01 Sep 2021
To assess self-drive vehicle driver activity based on image data; and to assess how quickly they could take control.
Fraunhofer IOSB’s Advanced Occupant Monitoring System (AOMS) goes significantly further than previous state-of-the-art systems and uses optical sensors in the vehicle interior, as they are becoming increasingly common in modern vehicles. The system detects the driver and all occupants equally.
The AOMS recognizes the 3D body poses of all persons, analyzes their movement behavior and classifies the activity of each individual person detected. This makes it possible not only to detect critical situations such as a driver falling asleep, but also to distinguish between different activities and the associated levels of distraction.
The basis of the AOMS is its real-time detection of body poses in 3D. For all vehicle occupants captured by cameras, the body pose is recognized as a 3D skeletal model using machine learning techniques.
The resulting image of the captured occupants includes the position of the eyes and head, neck, shoulders, elbows, wrists, torso, pelvis, and upper and lower legs – as soon as they are visible in the camera image. The recording does not require biometric data and is therefore particularly privacy-friendly.
The system is capable of using individual 3D cameras or several 2D cameras, from whose perspectives the 3D joint points are reconstructed. The cameras can be mounted in any position as long as the view of the respective persons is sufficient.
The positions of the eyes, the elbows as well as the wrists also emerge from the determined body pose skeleton. This makes it possible to interpret both the direction of the forearm and the pointing direction of the eye-hand extension as pointing gestures. Both variants are available as a 3D vector.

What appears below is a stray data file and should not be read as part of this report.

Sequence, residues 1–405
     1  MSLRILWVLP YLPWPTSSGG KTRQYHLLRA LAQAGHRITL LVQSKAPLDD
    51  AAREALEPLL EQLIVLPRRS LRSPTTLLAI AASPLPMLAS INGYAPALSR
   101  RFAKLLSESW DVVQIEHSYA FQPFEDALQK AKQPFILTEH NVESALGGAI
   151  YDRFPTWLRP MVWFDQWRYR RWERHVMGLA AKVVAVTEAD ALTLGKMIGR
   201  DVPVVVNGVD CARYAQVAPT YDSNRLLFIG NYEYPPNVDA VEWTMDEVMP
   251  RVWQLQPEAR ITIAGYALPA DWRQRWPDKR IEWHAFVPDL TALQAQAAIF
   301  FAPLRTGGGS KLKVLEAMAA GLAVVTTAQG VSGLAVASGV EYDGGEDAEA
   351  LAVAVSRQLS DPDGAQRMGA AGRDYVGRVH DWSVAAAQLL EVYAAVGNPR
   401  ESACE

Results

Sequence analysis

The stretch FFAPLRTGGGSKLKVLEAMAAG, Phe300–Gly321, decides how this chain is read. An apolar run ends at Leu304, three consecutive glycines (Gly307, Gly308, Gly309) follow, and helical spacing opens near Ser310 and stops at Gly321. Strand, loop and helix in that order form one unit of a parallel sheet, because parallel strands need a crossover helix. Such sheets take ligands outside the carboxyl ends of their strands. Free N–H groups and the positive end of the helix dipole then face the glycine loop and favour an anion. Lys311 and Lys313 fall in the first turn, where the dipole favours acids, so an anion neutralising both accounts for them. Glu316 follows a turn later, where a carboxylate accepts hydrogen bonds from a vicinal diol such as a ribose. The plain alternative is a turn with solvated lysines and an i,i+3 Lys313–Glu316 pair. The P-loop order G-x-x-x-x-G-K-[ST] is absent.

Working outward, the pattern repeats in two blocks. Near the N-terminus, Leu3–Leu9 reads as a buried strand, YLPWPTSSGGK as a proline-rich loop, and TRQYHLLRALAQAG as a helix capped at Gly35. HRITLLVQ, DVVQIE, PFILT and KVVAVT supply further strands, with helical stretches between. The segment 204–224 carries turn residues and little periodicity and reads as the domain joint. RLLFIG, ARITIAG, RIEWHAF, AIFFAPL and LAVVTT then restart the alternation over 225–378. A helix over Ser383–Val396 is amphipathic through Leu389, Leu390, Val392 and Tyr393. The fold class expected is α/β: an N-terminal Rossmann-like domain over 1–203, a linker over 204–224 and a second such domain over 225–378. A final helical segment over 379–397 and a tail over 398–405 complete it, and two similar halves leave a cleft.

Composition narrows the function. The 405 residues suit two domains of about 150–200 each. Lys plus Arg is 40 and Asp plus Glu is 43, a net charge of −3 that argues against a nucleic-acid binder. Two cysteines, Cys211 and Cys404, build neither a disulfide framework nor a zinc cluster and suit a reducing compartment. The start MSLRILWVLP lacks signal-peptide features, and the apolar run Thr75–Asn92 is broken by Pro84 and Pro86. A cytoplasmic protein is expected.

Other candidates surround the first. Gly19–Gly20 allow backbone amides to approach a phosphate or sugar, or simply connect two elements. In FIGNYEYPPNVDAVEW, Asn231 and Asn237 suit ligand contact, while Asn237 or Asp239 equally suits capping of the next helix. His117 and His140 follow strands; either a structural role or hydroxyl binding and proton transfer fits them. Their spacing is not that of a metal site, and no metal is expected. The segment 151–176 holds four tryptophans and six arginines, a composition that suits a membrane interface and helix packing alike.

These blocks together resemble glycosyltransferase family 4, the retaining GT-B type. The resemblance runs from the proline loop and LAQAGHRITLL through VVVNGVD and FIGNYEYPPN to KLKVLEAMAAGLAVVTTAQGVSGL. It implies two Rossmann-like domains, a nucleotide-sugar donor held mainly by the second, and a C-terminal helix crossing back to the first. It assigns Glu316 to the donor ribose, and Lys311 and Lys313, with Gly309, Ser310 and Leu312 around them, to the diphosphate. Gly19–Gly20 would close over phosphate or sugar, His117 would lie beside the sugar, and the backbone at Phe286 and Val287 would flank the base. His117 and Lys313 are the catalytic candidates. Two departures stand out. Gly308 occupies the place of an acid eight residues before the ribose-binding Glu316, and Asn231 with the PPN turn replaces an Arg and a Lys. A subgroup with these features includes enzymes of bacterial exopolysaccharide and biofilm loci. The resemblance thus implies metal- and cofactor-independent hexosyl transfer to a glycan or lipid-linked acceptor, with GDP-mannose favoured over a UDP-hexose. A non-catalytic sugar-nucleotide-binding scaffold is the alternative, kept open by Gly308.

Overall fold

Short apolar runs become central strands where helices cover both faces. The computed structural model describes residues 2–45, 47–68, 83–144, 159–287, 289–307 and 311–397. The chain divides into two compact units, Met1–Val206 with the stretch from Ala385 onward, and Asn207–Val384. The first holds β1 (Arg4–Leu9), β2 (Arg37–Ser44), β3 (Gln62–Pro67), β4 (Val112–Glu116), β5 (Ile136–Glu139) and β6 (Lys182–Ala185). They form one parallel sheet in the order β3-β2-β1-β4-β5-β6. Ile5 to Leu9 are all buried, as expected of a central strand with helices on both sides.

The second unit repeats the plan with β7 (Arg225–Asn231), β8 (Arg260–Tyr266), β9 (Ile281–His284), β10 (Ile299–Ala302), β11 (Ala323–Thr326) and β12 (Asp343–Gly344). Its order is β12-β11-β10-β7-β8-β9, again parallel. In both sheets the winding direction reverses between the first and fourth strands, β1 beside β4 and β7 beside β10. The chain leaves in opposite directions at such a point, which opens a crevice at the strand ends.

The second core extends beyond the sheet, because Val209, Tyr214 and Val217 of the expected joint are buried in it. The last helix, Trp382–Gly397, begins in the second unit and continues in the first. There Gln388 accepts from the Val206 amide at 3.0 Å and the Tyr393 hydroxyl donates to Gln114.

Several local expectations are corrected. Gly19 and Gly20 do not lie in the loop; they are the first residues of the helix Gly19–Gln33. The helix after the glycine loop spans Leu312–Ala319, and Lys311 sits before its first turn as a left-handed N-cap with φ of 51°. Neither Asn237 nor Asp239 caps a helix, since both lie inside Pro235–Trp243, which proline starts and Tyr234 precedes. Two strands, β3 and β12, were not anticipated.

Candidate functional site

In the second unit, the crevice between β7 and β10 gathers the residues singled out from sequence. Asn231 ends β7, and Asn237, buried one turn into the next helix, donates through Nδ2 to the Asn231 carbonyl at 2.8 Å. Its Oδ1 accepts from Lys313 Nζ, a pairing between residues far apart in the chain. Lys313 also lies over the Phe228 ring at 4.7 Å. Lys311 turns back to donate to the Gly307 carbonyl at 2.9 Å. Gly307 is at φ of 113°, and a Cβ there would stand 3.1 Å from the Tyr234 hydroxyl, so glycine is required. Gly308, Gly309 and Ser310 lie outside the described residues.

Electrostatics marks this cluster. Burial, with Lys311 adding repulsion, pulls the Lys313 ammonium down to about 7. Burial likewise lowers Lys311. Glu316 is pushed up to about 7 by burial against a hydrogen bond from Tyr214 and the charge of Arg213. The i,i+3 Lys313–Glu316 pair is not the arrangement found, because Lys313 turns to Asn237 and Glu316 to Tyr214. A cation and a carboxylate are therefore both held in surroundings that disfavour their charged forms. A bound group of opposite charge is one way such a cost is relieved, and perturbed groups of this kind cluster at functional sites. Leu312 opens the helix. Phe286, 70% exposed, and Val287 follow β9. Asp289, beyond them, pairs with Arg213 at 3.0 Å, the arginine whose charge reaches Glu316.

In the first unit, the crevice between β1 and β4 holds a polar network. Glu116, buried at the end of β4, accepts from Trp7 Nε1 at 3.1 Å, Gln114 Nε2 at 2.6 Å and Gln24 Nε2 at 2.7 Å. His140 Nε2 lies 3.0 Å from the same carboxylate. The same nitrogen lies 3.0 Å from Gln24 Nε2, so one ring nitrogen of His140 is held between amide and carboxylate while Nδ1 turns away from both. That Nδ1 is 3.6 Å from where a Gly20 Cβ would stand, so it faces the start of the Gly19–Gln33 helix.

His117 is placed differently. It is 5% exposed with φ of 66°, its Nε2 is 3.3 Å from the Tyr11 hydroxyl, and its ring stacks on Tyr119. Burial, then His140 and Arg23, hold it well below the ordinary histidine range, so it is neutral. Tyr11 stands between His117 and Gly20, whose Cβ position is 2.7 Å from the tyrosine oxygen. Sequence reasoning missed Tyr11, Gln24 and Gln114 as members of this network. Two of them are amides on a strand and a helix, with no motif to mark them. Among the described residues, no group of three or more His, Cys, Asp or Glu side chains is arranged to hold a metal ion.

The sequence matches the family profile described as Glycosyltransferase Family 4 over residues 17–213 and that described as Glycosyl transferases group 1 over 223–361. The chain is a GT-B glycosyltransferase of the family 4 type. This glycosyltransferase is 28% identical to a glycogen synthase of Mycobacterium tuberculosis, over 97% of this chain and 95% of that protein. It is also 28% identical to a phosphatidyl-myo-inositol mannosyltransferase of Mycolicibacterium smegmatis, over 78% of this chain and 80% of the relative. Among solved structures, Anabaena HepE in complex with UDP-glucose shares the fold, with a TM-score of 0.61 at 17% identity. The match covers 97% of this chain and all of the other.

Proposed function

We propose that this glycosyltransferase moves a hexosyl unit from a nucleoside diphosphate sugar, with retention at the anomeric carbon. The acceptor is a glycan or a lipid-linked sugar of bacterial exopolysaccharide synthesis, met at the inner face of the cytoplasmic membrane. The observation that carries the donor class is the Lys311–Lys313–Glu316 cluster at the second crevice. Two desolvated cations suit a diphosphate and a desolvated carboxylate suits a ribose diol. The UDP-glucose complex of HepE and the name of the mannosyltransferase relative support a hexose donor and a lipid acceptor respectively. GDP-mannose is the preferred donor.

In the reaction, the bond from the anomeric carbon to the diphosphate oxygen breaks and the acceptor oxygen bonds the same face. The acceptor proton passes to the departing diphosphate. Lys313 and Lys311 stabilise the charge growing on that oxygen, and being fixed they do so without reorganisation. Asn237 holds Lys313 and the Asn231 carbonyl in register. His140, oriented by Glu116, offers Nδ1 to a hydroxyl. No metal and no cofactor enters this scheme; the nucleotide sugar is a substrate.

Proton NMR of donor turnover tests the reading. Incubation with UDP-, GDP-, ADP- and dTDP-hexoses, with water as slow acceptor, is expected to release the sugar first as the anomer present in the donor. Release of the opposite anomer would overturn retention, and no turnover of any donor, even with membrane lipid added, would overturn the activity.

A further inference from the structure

Pointing gestures can therefore be mapped directly and with centimeter accuracy to known objects inside or outside the vehicle. Since pointing gesture detection is based on 3D body pose recognition, left arms can also be distinguished from right arms and pointing gestures can be recognized anywhere in the interior - not just at conventional seating positions or in prescribed interaction areas.
In the system’s launch statement, the IOSB commented, “It is to be expected that as the vehicle becomes increasingly automated, the driver and other occupants will also be allowed and offered more freedom for secondary activities in the interior.”
Concept vehicles are already breaking with the classic seating arrangement and extending the driver's range of movement and action, for example, to the entire interior by allowing seats to be turned and moved. Against the background of such freedom of movement, the question arises as to how interaction with services in the interior should be realized. Pointing gestures and voice input are obvious options, but they must offer both the necessary robustness and freedom to allow occupants the room to maneuver in the interior.
In manual driving situations, the driver ideally focuses his full attention on the road. He drives and steers the car and does not engage in any secondary activity. As the level of vehicle automation increases, however, the driver is freed from his driving responsibility.
He is given the freedom to pursue secondary activities. Partially automated vehicles must take this fact into account when dealing with situations in which driving responsibility is to be handed back to the driver. The driver may be distracted, asleep or even have a medical emergency.
Fraunhofer IOSB's Advanced Occupant Monitoring System detects the activity of all occupants inside the vehicle. It is able to distinguish between up to 35 activities, including drinking, eating, sleeping, reading, making phone calls, and more.
For this purpose, state-of-the-art machine learning processes and fuses the 3D body skeleton recognition of the occupants in combination with object detection and intelligent analysis of the movement behavior of all detected persons. This makes it possible to reliably distinguish whether someone is reaching for a cell phone and making a call or opening a bottle and bringing it to their mouth. The Advanced Occupant Monitoring System thus provides important information on the driver's distracted state.
In addition, the system also provides important information on the prevailing situation in the vehicle interior and the context of a person's actions. This makes it possible, for example, to distinguish unintentional from intentional pointing gestures or to offer innovative assistance functions tailored to the individual needs of the occupants.